First, food. Now, fashion.

John has, quite marvelously, presented the case for culinary conservatism, exhorting and imploring us to think about what and how we eat, from how the cow was raised or tomatoes grown to whether we shove our micro-waved totalitarian food down our throats, solitarily, whilst allowing CSI: Generic American City to further the deathly onslaught upon our encephalons or engage in civil, personal, and meaningful conversation with family, or friends, at a proper table.
The farm, market, and dinner-table, alone, how-ever, are not the only places where we need to direct our concern, it seems, wish we to restore a modicum of traditional, decent culture to society, working from the bottom up-wards. From the New York Times, courtesy of John, whose wearing of tee-shits and grease-stained jeans to lectures I cannot endorse:

FIRST came Casual Fridays, that dread episode in the history of fashion, with their invitation for men to trade in suits for Dockers and to swap a proper shirt and tie for an open neck and a daring flash of masculine décolletage.

Then the bare ankle migrated from country-club Saturdays to meeting-room Mondays and suddenly men, whether shod in wingtips or loafers, were widely seen without socks. Now it appears that, after some stops and starts in recent seasons, the men of the white collar work force are marching into the office in shorts.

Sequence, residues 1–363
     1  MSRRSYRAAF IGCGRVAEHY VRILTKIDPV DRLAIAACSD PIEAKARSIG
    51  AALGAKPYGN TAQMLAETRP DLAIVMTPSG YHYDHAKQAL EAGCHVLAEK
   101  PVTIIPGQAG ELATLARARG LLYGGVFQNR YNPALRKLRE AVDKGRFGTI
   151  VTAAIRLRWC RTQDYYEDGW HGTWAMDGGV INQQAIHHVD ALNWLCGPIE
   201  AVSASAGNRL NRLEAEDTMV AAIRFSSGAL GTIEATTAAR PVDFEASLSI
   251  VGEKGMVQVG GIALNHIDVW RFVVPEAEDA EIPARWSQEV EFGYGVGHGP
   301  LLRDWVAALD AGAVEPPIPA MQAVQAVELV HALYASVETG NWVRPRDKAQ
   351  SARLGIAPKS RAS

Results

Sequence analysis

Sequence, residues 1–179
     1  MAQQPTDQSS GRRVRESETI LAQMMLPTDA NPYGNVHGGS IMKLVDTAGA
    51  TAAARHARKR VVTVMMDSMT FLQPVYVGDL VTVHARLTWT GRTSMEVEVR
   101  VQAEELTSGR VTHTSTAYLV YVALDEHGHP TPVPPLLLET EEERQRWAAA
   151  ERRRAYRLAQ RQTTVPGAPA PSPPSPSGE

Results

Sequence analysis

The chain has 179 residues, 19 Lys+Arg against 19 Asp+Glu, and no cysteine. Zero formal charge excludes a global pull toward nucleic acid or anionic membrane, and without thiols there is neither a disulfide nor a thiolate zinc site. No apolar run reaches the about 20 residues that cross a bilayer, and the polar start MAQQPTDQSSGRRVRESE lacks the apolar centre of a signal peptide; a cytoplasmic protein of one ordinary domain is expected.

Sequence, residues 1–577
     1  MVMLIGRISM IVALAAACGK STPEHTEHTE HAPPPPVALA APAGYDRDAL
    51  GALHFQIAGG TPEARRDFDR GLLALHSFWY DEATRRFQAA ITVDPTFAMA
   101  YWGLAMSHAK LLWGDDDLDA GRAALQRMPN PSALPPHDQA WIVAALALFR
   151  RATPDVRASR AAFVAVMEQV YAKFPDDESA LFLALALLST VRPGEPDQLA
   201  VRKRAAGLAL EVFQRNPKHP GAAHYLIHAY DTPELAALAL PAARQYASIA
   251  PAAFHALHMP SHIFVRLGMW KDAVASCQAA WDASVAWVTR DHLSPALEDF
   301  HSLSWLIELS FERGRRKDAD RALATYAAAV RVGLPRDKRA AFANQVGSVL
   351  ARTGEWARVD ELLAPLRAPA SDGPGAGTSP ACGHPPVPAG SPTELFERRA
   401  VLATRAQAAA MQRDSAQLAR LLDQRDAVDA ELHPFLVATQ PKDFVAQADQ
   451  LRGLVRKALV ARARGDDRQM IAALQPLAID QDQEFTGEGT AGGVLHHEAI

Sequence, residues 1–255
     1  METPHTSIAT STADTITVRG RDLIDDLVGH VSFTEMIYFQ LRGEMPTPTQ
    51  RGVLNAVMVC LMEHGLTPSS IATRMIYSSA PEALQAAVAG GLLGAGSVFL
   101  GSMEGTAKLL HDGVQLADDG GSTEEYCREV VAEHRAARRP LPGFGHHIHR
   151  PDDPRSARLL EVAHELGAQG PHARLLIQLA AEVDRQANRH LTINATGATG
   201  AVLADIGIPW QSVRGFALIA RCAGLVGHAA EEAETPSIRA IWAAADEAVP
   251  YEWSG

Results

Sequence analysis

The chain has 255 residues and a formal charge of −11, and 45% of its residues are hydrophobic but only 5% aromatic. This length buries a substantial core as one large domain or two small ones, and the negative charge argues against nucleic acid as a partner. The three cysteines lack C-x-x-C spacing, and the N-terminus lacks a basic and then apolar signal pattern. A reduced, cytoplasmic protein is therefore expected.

It was no more than a moment ago, in the sartorial long view, that a guy who came to work wearing short pants would have been shown the door — or anyway, given the address for human resources at U.P.S. All that appears to be changing.

This is shame-ful. Once upon a time, men wore suits to base-ball games; now, we cannot even expect them to be properly attired at the office? Heaven forfend!

I shall continue to don three-pieced suits, from time to time, when I head to campus. To work, too, should, you know, I ever secure employment. It’s time for . . . Tory tailoring? Aristotelian apparelism?

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